• Horseshoe Falls and American Falls, Niagara Falls. Most visitors' first view of the Falls, from the Canadian side of the river, is at Queen Victoria Park, [2] along the Niagara Falls Parkway. Some other ways to enjoy viewing the falls are:
    • Maid of the Mist, 5920 Niagara Parkway (near foot of Clifton Hill), [3]. A boat that takes tourists to the foot of the falls, where they can better appreciate their thunder and spray. Runs April-October.
    • Journey Behind the Falls, 6650 Niagara Parkway (Table Rock Center), [4]. Open year-round except December 25.
    • White Water Walk, 4330 Niagara Parkway, [5]. A 1,000 foot (305 m) boardwalk beside the rapids. Open seasonally.
  • CN Tower, 301 Front Street West, Toronto, 416-868-6937 [6]. The tallest free standing structure in North America. You can ride a glass elevator to the top where the view is incredible and there is a glass floor. There is also a revolving restaurant which offers spectacular views as the sun sets over the city.
  • Whirlpool Jet Boats, 61 Melville Street, Niagara on the Lake, 1-888-438-4444, [7] Powerful Jet-boats speed upriver, making their way into the breathtaking stonewalled canyon that is the Niagara Gorge. The anticipation builds as the boats splash into the whitewater of Devil's Hole Rapids. April - October.
  • Fallsview Casino, 6380 Fallsview Boulevard, Niagara Falls, 1 888 FALLSVU (toll-free), [8]. A splendid new Vegas-style Casino.
  • Canada's Wonderland, 9580 Jane Street, Vaughan (Toronto Area), 905-832-8131, [9]. A big theme park located in Vaughan, 30 kilometers north of downtown Toronto. It is considered one of North America's premier amusement parks, with more than 200 attractions. The park is open seasonally from May to October.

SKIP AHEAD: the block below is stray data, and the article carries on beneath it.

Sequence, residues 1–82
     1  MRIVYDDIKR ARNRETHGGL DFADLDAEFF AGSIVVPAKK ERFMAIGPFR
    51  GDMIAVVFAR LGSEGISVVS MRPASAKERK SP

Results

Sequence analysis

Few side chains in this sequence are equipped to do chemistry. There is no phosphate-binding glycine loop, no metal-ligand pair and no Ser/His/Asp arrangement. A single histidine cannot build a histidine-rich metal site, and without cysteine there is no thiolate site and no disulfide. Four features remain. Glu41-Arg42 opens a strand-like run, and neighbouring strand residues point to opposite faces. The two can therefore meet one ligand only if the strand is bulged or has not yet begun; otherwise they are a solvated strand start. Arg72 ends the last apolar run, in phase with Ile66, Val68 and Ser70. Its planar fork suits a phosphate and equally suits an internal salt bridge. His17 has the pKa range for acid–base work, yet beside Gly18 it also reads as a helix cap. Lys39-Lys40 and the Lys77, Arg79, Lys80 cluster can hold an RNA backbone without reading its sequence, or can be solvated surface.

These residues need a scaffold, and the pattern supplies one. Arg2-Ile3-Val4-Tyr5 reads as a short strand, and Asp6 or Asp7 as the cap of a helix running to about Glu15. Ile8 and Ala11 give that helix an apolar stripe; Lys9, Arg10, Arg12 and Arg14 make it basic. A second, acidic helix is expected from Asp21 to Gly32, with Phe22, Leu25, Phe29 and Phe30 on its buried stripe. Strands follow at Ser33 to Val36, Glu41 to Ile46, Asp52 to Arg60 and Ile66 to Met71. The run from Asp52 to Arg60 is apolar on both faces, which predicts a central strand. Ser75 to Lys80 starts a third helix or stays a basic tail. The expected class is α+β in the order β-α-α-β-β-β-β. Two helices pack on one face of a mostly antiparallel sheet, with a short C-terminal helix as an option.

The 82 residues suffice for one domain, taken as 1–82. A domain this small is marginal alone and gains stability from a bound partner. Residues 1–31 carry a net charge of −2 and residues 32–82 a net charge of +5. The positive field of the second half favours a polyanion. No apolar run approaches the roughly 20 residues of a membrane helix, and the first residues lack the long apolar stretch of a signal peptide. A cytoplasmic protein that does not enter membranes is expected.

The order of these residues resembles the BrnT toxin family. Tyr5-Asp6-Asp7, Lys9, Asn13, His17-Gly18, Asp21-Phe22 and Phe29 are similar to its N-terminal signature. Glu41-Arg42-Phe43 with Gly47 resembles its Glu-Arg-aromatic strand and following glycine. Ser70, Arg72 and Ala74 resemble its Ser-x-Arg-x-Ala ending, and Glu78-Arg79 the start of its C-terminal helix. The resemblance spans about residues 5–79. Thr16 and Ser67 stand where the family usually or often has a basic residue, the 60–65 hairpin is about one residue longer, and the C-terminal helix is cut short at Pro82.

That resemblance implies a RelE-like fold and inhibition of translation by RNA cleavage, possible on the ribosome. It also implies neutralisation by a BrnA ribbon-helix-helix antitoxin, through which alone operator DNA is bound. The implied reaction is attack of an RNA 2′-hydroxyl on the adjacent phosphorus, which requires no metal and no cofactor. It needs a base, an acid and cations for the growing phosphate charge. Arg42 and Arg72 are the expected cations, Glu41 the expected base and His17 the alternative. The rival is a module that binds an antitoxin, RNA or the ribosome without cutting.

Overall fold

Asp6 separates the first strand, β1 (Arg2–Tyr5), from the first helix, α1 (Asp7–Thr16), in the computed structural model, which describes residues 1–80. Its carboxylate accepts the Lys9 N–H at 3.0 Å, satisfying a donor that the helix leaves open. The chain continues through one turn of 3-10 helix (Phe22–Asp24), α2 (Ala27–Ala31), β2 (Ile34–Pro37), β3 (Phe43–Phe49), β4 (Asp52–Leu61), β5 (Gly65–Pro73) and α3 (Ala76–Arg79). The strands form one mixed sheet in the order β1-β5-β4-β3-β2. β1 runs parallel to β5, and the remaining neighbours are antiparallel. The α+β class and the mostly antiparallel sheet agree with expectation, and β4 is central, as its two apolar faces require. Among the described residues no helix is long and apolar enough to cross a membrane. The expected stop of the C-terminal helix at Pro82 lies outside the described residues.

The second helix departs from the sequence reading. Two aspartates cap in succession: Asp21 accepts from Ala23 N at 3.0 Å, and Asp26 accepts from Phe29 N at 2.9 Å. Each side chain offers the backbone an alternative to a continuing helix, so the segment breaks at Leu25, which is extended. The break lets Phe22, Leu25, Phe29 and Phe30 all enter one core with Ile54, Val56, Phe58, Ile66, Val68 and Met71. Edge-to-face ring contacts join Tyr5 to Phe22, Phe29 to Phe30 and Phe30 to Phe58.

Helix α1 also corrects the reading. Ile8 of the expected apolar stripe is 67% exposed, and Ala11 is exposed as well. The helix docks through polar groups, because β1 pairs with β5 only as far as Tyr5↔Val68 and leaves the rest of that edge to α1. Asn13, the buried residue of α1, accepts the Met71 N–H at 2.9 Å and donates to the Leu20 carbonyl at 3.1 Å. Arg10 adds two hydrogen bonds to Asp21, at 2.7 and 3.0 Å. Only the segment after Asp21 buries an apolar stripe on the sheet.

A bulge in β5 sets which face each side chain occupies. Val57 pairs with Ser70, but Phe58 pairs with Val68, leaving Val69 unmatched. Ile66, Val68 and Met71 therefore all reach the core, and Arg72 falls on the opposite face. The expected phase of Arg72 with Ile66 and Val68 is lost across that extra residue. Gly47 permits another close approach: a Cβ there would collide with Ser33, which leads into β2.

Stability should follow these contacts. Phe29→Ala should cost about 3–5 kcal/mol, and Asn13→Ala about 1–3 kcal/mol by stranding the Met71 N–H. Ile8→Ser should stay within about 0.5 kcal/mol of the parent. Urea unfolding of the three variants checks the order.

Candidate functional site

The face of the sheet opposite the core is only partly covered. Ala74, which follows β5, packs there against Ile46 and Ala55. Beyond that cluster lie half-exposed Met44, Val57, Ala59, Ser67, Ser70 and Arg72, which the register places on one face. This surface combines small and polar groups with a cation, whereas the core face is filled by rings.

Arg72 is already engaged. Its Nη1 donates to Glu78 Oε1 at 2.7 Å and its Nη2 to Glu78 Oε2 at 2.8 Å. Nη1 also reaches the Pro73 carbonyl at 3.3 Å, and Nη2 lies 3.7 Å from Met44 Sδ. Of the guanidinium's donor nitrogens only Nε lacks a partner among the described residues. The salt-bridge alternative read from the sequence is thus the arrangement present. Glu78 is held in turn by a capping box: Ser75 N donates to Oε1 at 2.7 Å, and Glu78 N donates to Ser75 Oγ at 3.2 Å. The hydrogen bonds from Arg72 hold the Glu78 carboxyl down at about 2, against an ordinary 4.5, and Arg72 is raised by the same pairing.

• Ontario Science Centre, 770 Don Mills Road, Toronto, 1-888-696-1110, [10]. Lots of hands on science exhibits, including a rainforest, a tornado machine, sound proof tunnel, balance testing machines, and more. It also contains Ontario's only Omnimax (full wrap around) movie theatre.
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Up to date as of January 15, 2010

Definition from Wiktionary, a free dictionary


Wikipedia has an article on:


Ontario's Golden Horseshoe


Reportedly coined by Westinghouse President Herbert H. Rogge, in a speech to the Hamilton Chamber of Commerce on 12 Jan. 1954.

Proper noun

Golden Horseshoe

  1. (Canadian) Nickname for the U-shaped area of the Canadian province of Ontario which extends along the northwestern, western, and southwestern shoreline of Lake Ontario from metropolitan Toronto to the Niagara River, comprising one of Canada's most populated and economically productive regions.
    • 1960, "‘An Ongoing Process’," Time, 22 Feb.:
      The big success story in Canada this year is the tale of the 120-mile rim of rolling land that hugs the western shore of Lake Ontario from Oshawa to Niagara Falls. One out of every seven Canadians now lives there. . . . They proudly call the area "the Golden Horseshoe."
    • 2007, "Editorial: Immigration targets go beyond numbers," Toronto Star, 18 May (retrieved 8 Sep. 2008):
      Half of those new immigrants came to Ontario. . . . Once here, most of them settled in the Golden Horseshoe area, now home to 8.1 million people, or one-quarter of all Canadians.